Tuesday, July 14, 2020
On this, the summer of Oswald Veblen's 140th birthday, the story of his life and legacy made it into the radiant glossy pages of the Princeton Magazine. An article entitled The Extraordinary Legacy of Oswald Veblen by Don Gilpin captures the breadth and depth of Veblen's 80 years on the planet, most of it spent in Princeton, first at Princeton University and then at the Institute for Advanced Study.
Gilpin weaves in quotes from Steve Batterson's article, “The Vision, Insight, and Influence of Oswald Veblen," and from Princeton University President Eisgruber's 2020 State of the University report.
What we've come to know is that Princeton would not be Princeton, and the Institute would not be the Institute, without the vision and quiet persistence of this man. He brought something of his Norwegian ancestry and midwestern egalitarian sensibilities eastward from Iowa, while his wife to be, Elizabeth Richardson, brought her charm, tea, and love of gardening westward from England. They met in Princeton and together they changed the world for the better, near and far.
The article also tells the story of our nonprofit, the Friends of Herrontown Woods, which is applying a dose of Veblen's quiet persistence to restore and revivify the Veblens' physical legacy--the house, cottage and 95 acres they left behind for the public to enjoy. We now have the lease the article mentioned, and can proceed with repairs to the 1931 house and the 1875 cottage, both of which have been patiently awaiting the attention they deserve.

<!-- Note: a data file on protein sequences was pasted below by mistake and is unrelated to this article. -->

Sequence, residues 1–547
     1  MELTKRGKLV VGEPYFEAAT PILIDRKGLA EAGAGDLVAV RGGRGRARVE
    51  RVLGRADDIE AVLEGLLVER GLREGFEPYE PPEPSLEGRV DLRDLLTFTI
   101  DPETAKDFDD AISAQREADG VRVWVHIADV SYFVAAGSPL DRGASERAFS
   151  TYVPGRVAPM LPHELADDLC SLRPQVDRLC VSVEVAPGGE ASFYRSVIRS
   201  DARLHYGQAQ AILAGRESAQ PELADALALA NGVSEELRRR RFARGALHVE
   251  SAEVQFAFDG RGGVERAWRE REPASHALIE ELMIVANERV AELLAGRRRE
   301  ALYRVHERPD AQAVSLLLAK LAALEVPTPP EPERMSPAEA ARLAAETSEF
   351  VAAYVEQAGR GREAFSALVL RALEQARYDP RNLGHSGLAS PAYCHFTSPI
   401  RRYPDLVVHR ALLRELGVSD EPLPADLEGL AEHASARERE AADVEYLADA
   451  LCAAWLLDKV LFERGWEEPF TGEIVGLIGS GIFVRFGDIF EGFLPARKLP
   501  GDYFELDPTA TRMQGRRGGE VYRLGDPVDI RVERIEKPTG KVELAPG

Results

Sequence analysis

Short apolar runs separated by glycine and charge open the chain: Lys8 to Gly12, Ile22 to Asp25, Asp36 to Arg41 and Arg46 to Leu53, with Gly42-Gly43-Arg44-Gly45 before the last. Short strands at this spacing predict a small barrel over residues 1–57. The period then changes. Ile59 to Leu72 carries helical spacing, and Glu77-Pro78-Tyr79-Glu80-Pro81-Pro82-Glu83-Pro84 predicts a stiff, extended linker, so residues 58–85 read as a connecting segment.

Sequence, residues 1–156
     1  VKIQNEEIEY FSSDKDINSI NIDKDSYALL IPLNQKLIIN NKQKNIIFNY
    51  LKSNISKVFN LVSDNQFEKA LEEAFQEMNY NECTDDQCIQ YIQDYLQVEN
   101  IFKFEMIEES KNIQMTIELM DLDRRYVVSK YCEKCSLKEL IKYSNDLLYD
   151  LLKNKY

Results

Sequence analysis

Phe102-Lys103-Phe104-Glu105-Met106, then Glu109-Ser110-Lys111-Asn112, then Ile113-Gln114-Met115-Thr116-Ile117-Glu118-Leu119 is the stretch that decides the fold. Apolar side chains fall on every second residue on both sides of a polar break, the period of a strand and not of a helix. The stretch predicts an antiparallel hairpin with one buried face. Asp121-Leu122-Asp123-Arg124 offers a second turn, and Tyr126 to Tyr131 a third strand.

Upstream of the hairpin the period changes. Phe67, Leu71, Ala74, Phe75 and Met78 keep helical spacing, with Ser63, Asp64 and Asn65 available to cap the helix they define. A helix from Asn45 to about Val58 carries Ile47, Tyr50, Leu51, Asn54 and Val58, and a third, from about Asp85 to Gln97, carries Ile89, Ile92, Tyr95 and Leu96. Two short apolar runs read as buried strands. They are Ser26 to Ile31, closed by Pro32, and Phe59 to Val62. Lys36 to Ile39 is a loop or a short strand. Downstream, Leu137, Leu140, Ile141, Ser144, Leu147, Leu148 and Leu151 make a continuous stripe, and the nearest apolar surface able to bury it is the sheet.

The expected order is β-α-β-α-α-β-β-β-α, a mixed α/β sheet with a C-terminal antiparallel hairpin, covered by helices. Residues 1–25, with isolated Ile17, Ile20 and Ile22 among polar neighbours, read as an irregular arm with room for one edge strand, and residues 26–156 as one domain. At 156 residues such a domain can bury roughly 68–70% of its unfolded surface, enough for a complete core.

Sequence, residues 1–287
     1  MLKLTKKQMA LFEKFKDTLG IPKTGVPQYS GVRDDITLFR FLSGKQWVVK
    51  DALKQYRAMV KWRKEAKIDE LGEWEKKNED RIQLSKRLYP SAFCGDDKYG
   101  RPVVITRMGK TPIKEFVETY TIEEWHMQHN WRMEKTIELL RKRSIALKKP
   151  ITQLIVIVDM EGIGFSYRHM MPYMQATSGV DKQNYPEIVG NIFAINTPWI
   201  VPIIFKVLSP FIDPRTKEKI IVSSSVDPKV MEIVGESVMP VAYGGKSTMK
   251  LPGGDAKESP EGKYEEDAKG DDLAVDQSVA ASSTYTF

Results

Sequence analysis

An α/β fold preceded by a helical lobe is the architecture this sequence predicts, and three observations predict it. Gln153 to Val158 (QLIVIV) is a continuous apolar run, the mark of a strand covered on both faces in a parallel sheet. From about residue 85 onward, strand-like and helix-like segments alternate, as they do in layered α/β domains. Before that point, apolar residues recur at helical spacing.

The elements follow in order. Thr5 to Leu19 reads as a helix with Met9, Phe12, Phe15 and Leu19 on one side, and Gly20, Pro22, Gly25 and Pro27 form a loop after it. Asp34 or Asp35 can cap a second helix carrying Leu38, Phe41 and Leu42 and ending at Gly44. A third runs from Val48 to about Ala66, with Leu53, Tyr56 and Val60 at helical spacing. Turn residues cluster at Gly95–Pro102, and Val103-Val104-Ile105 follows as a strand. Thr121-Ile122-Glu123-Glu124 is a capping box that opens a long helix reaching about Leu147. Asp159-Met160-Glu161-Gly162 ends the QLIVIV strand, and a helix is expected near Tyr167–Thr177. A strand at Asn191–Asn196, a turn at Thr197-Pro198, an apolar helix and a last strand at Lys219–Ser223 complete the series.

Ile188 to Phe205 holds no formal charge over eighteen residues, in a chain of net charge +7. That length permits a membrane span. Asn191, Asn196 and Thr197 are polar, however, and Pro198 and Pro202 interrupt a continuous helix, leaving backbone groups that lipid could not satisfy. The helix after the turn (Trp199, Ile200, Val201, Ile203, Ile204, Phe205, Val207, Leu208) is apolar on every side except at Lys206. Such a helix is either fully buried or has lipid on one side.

The photos in the article are courtesy of the Institute for Advanced Study archives, including this photo of the Veblens at the American Mathematical Society's 1950 International Congress, presided over by Veblen at age 70, as he was retiring from the IAS. Now, twice as distant in time from Veblen's birth in the hill country of Iowa, Don Gilpin's article is a fitting tribute to a legacy that keeps on giving.